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Books on Shorthand from the
Arnold Semeiology Collection

NOAH BRIDGES (fl. 1659?-1661)
Stenographie and Cryptographie.
[sic]. London, The Author, 1659.

Stenographer and mathematician, Noah Bridges was a royalist supporter of King Charles I. His Stenographie is a practical work on shorthand and secret writing. Bridges' system is the first to make extensive use of dots rather than alphabetic symbols to represent initial and final vowels. A much expanded second edition appeared in 1662. The work was brought out again in 1665 with 22 pages of additional material under the title: Rarities; or, The Incomparable Curiosities in Secret Writing Explained. (Alston VIII:104; Carlton (Pepys) p.74; Galland p. 29; Stojan 477; Westby-Gibson p. 29; Wing B4482)

Alphabetum Tironianum, seu Notas Tironis Explicandi Methodus.
Paris, Hippolyte-Louis Guerin, & Jacques Guerin, 1747.

Carpentier's work is an early attempt to explain the cipherment and decipherment of Tironian notes, said to have been invented by M. Tullius Tiro, freedman of Cicero. One of the earliest forms of shorthand, Tironian notes utilize a tachygraphic system, that is, one in which the alphabetic characters used have an ideographic value. One of its features, that of employing initial letters to represent words, is still in use today, as, for example, the use of "A.D." for "Anno Domini" and "N.B." for "Nota bene." Carpentier devotes considerable attention to the Latin manuscript number 2718 at the Bibliothèque Nationale, Paris. His work has been largely discredited by later studies. (Galland p. 36; Graesse II:54; NYP 38:685; Westby-Gibson p. 38)

L'art d'Ecrire aussi Vite qu'on Parle. Dix-neuvième édition.
Paris, L'Auteur, 1795.

Originally published in 1777, Coulon de Thévenot here presents the first shorthand system of significance invented in France. His system is noted for disjoining vowels from consonants. The work saw numerous editions. The present edition represents revisions made by the author in 1786 and 1787. While generally shorthand books of this period were printed from engraved plates, this edition of Coulon de Thévenot has the symbols and characters used inserted by hand. (Galland p.48; Guyot p.438)

Tachigrafía de la lengua Castellana.
Barcelona, Imprenta de Augustin Roca, 1816.

The father of Spanish stenography, Francisco Martí first published his shorthand system in 1803. His alphabet is a combination of those of Coulon de Thévenot and Samuel Taylor. Martí's method became the basis of several later shorthand systems, including that of Fancisco Serra y Ginesta (1816). His work also enjoyed the support of the Spanish Government, which on November 21st, 1802, set up a public professorship of shorthand at Madrid. Martí became the first to hold this position. (Palau 8:237; Westby-Gibson p. 124)

WILLIAM MASON (fl. 1672-1709)
La Plume Volante.
London, D. Brown [etc.] 1707.

The most important English stenographer of the seventeenth century, Mason produced three works on shorthand of which La Plume Volante is the last. Mason derives part of his system from that of Jeremiah Rich, published in 1646. He employs alphabetic signs, symbols, and arbitraries. Mason's system is the first to make use of a small circle for "s" in addition to its alphabetic sign. His work was re-issued by Thomas Gurney in 1740. Gurney's own position as shorthand writer of the Central Criminal Court in London secured the perpetuation of Mason's shorthand method to the present day. This copy of La Plume Volante bears the bookplate of Hugh Cecil, 5th Earl of Lonsdale (d. 1944). (Alston VIII: 168; Carlton (Pepys) p. 82; NYP 38:35; Westby-Gibson p.126)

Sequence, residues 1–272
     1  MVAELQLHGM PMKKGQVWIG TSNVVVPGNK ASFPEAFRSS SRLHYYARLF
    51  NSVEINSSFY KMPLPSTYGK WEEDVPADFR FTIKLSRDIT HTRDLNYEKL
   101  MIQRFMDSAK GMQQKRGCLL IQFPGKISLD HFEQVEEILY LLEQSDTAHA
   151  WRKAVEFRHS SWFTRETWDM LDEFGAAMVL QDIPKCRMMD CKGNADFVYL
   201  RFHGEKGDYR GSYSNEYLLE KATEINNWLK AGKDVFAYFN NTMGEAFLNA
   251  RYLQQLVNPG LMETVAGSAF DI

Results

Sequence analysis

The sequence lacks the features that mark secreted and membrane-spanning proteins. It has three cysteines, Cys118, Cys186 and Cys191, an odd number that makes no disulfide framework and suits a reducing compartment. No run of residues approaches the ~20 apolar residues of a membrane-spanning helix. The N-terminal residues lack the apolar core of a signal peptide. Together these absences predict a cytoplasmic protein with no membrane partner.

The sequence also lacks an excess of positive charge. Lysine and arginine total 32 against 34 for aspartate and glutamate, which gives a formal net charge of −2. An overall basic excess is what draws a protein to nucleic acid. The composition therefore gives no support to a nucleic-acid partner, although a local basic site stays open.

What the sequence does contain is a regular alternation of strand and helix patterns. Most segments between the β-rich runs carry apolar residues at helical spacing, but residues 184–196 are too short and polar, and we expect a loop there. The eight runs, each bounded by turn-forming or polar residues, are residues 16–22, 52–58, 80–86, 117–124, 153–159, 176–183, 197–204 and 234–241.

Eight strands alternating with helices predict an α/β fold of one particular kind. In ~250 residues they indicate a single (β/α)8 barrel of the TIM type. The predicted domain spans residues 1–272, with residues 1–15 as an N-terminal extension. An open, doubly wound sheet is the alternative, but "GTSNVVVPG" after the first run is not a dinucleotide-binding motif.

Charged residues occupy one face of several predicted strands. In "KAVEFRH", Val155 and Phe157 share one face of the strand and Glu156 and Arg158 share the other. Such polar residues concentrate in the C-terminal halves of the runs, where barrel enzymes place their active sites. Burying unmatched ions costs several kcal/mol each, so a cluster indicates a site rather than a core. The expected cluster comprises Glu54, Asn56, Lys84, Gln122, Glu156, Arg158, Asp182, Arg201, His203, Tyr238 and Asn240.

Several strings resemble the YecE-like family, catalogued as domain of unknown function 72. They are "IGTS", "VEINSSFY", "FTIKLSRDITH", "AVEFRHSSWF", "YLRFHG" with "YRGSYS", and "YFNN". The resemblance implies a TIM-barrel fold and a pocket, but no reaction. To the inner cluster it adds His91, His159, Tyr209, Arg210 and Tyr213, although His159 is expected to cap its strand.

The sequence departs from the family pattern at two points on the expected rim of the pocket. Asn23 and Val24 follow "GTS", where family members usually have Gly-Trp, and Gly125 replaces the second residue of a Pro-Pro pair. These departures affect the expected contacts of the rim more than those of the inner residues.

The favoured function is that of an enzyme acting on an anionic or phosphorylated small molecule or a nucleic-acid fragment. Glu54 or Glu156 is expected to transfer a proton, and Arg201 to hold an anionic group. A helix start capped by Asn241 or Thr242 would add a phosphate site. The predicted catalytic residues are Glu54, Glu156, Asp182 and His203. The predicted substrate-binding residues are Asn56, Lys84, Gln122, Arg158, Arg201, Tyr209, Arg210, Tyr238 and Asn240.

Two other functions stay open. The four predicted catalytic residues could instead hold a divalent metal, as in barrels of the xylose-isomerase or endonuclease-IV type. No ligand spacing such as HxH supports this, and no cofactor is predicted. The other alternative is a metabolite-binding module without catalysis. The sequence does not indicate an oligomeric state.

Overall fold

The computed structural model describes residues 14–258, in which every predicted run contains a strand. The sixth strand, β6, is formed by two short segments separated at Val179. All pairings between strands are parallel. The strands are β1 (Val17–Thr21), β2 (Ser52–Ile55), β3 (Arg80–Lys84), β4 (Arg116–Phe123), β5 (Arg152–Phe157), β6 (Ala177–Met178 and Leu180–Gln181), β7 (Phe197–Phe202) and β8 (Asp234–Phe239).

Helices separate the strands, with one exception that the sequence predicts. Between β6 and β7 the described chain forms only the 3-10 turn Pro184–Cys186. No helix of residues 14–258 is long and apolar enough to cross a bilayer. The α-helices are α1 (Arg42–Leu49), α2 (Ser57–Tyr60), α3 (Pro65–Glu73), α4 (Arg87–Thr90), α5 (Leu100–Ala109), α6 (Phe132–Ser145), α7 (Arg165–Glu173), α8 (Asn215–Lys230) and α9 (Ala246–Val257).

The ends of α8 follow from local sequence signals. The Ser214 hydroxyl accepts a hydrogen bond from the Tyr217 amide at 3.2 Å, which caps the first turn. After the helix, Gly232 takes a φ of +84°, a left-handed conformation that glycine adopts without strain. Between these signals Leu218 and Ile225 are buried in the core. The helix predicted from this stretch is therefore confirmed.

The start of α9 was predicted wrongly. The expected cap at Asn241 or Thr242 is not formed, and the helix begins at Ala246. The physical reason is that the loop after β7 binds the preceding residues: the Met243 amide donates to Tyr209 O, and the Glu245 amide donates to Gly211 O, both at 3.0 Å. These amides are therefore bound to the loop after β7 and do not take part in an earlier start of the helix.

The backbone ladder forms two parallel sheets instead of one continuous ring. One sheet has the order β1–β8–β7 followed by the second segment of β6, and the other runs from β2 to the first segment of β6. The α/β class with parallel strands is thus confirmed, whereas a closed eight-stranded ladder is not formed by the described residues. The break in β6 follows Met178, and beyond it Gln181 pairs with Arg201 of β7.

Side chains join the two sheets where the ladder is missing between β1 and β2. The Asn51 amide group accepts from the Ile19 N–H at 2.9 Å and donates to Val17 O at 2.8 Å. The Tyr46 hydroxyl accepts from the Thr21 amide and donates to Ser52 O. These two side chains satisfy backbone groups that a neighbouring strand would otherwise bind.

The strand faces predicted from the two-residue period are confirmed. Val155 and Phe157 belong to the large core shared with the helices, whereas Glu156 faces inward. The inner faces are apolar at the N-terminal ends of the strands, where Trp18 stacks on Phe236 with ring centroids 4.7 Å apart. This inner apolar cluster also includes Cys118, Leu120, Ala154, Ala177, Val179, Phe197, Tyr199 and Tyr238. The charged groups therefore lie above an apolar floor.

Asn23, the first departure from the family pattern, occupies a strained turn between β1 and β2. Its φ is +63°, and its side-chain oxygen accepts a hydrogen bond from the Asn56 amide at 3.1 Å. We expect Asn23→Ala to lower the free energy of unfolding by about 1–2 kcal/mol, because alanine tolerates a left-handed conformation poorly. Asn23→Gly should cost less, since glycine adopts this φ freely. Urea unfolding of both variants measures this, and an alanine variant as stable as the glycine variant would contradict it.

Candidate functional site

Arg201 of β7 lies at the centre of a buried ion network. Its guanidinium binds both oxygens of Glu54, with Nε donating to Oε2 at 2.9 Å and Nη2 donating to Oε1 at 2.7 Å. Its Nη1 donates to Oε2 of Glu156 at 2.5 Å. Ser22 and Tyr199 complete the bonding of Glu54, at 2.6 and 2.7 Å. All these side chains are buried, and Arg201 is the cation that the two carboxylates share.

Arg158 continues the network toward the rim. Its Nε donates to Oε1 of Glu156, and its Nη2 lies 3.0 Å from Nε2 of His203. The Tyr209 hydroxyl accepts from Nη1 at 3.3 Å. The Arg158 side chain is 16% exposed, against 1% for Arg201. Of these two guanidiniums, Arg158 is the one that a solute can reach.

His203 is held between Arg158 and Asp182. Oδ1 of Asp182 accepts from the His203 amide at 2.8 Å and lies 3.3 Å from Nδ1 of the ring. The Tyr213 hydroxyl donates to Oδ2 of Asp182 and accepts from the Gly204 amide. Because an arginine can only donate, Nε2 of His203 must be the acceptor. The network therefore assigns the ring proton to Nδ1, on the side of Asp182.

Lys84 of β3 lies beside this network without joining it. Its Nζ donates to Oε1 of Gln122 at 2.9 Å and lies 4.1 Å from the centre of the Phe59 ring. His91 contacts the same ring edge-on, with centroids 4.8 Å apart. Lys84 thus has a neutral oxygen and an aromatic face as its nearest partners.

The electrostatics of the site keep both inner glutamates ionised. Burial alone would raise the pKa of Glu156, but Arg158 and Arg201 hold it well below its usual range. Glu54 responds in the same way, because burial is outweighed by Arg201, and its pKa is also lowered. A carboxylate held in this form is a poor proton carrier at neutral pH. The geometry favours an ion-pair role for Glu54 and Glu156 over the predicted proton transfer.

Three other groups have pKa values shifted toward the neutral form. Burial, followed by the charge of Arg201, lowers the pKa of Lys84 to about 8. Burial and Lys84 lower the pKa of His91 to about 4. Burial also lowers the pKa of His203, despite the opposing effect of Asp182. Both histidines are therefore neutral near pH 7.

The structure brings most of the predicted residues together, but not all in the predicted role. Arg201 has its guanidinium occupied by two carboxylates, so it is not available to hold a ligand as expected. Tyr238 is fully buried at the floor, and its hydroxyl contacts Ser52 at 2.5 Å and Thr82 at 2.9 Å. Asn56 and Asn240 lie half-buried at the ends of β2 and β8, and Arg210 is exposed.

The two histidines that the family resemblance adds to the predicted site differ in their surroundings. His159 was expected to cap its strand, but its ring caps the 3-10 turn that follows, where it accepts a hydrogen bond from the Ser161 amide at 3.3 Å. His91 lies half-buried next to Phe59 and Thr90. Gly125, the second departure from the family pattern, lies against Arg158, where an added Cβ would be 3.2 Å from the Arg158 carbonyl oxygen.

Tacheographia, seu Ars Celeriter & Compendiosè quaelibet inter Perorandum Verba.
Paris, 1683.

Originally published at Frankfurt am Main in 1678, this title is considered the earliest independent German manual on stenography. This Paris edition of 1683 includes both Latin and French versions on parallel pages. Ramsay's work is a slight modification of the system proposed in Thomas Shelton's Tachygraphy (London, 1635), known chiefly at the present time for its use by Samuel Pepys (1633-1703) in writing his Diary. The French version exhibits the greatest divergence from Shelton's method, including the adoption of simple signs for several alphanumeric characters. Tacheographia includes an appendix on processes of cipherment. (Carlton (Pepys) p. 118; Galland p. 153; NYP 38:38; Westby-Gibson p. 184)

SAMUEL TAYLOR (fl. 1786)
An Essay intended to Establish a Standard for an Universal System of Stenography.
London, The Author, 1786.

Shorthand alphabet of Samuel Taylor

This is the first edition, first issue of Taylor's work, perhaps one of the most influential in the field of stenography. Like that of John Byrom, whose Universal English Short-Hand appeared in 1767, Taylor's system is noted for its brevity. It consists of only a consonantal alphabet of nineteen letters and a few abbreviating rules. Many later editions appeared, the most important being that edited by William Harding in 1823. Taylor's work established the art of stenography in England, and his system came into general use on the continent and in the United States. This copy bears the author's autograph signature, together with the bookplate of Charles Bathurst. (Alston VIII:286; Galland p. 179; NYP 38:51; Westby-Gibson p. 215)

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